First -- why are you considering a routing protocol? Are you redistributing routes in a multirouter environment? Are you looking for faster convergence time in a diverse route environment?
If you need complex traffic engineering and you have a complex network with diverse routes and very different link speeds, and if you are in a 100% cisco environment, you might want to consider eigrp. Otherwise, if you have a complex network and diverse routes and you want reasonable convergence times, you really only have OSPF as a choice. I guess you could consider ISIS if you want job security...
If you just want to redistribute a bunch of directly connected routes between a bunch of routers, rip is probably fine. There are quite a few routing devices that only support RIP, such as many wireless APs and cheapo routing switches.
At no point does the actual algorithm used for determining a route or preventing loops really enter into the picture.
From this page:
Comparing link state algorithm with distance vector algorithm
We know that when a packet arrives to a router, the router indexes a forwarding table and determines the link interface to which the packet is to be delivered. And the routing algorithms are operating in network routers, exchanging and compute the information that is used to configure those forwarding table. The purpose of a routing algorithm is finding a good path from source router to destination router among a set of routers. Normally, a good path is one that has the least cost and it is also the shortest path.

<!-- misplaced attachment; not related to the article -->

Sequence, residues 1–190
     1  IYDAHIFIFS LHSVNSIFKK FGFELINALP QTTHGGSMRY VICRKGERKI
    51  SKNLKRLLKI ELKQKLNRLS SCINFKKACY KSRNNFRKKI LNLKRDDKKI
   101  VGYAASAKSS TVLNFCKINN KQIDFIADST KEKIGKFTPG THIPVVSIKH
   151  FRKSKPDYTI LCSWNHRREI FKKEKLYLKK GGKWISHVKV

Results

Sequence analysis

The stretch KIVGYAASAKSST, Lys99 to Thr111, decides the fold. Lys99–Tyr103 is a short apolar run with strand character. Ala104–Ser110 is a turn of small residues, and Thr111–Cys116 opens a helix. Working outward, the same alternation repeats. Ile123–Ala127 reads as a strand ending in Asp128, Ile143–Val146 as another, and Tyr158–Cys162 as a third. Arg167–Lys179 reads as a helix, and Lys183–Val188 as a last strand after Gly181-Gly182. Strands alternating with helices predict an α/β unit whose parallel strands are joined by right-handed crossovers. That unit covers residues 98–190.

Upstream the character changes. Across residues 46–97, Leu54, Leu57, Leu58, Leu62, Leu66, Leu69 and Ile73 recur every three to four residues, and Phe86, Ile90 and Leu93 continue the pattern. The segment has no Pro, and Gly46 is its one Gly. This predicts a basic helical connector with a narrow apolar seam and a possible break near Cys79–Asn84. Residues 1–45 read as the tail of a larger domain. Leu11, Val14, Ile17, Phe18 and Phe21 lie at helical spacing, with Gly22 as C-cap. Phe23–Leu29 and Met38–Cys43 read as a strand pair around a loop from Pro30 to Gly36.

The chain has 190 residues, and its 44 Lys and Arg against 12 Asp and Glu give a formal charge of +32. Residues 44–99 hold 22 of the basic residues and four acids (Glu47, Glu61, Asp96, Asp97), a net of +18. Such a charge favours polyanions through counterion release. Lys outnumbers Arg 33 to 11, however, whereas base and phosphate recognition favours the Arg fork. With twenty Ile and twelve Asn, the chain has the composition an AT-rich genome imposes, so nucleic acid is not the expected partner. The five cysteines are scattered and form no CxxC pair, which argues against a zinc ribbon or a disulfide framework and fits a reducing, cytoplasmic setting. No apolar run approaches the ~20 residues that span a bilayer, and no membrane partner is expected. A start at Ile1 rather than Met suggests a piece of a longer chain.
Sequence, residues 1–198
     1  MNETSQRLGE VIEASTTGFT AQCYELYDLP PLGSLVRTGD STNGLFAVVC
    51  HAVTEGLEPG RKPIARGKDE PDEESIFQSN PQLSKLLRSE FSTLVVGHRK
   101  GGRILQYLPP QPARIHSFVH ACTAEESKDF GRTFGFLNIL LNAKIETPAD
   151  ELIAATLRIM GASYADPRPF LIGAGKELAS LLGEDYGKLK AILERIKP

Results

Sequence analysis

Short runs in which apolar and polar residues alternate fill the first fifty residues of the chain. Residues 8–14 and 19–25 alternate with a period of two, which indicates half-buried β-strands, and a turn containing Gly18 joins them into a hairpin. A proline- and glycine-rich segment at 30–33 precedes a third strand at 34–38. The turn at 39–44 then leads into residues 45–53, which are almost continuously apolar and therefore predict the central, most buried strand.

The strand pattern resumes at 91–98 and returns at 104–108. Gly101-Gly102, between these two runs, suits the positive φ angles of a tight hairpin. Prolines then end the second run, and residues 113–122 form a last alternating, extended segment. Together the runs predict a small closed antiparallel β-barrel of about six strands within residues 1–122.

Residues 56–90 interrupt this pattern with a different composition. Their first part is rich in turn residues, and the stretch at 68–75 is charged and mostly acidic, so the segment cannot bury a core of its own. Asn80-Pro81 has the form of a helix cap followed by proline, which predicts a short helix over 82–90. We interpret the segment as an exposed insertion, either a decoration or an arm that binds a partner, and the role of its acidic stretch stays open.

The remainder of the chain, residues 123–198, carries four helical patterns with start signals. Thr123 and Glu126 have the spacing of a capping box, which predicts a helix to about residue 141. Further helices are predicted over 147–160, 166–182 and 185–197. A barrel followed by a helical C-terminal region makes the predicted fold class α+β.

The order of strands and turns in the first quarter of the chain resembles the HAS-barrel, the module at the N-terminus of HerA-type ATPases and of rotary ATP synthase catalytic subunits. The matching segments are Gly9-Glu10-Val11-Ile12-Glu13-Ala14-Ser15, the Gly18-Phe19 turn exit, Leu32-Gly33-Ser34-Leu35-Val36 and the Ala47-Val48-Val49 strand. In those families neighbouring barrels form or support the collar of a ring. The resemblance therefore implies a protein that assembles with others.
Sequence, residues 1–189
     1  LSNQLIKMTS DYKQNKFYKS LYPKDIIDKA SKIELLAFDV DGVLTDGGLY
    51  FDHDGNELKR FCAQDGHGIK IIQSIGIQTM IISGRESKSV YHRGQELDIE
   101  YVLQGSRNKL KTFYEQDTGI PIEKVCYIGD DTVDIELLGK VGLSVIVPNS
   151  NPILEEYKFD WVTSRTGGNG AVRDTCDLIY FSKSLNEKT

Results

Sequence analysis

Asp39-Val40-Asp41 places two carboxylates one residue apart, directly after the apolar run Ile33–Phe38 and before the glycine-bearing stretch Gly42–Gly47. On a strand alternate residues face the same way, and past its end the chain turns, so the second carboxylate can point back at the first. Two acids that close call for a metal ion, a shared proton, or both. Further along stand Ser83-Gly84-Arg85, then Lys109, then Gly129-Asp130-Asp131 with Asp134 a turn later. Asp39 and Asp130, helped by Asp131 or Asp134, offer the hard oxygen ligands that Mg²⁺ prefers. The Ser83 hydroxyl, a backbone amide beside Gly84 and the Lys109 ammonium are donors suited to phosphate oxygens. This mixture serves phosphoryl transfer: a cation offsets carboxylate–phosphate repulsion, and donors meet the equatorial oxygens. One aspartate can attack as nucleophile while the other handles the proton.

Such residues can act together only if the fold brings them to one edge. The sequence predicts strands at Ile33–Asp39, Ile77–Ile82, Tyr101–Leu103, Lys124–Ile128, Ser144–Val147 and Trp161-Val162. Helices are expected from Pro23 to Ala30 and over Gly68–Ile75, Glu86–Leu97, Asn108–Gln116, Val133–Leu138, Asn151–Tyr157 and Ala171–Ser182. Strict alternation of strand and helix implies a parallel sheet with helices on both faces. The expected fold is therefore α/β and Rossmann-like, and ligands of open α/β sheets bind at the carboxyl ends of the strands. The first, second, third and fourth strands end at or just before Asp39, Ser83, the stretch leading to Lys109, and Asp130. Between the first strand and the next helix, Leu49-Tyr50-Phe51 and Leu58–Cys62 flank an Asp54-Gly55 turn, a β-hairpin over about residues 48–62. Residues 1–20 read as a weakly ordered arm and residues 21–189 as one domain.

There are some types of routing algorithms such as link states or distance vector routing algorithms. While link states algorithm is an algorithm using global information, the distance vector algorithm is iterative, asynchronous, and distributed. For DV algorithm, each node talks to only its directly connected neighbors, but provides its neighbor with least cost estimates from itself to all the nodes. For LS algorithm, each node talks with all other nodes, but tell them only the cost of it’s directly comparison of some of their attribute. There are some aspects for us to compare these two algorithms
Message complexity: With link state, every node has to keep the information about the cost of each link within the network. And every times, if any of the cost is changed, all the nodes. With distance vector algorithm, message is exchanged between two hosts which are directly connected to each other. And if the change of cost in the link which is belongs to the least cost path for one of the nodes, the DV algorithm will update the new value. But if the change doesn't belong to the least cost part between 2 hosts, there will no updating
Speed of convergence: the implementation of LS is an O (|N|2) which need O (|N||E|) message. But with the DV algorithm, it can converge slowly and have routing loops while the algorithm is converging. In addition, the DV algorithm also suffers from the count to infinity problem.
Robustness: For LS, when a router is down, it can broadcast a wrong cost for the closest one. And also, a node can corrupt or drop packet it get as part of a LS broadcast. However, an LS node is computing for its own forwarding table and other node do the calculation for themselves. So it makes the calculation separated in some way within LS which provide robustness. For DV, the wrong least cost path can be passed to more than one or the entire node so the wrong calculation will be process in the entire net work. This problem of DV is much worse than LS algorithm.
And from this page:
Advantages of Distance Vector Protocols
Protocols such as RIP have been around a long time and most, if not all devices that perform routing will understand RIP.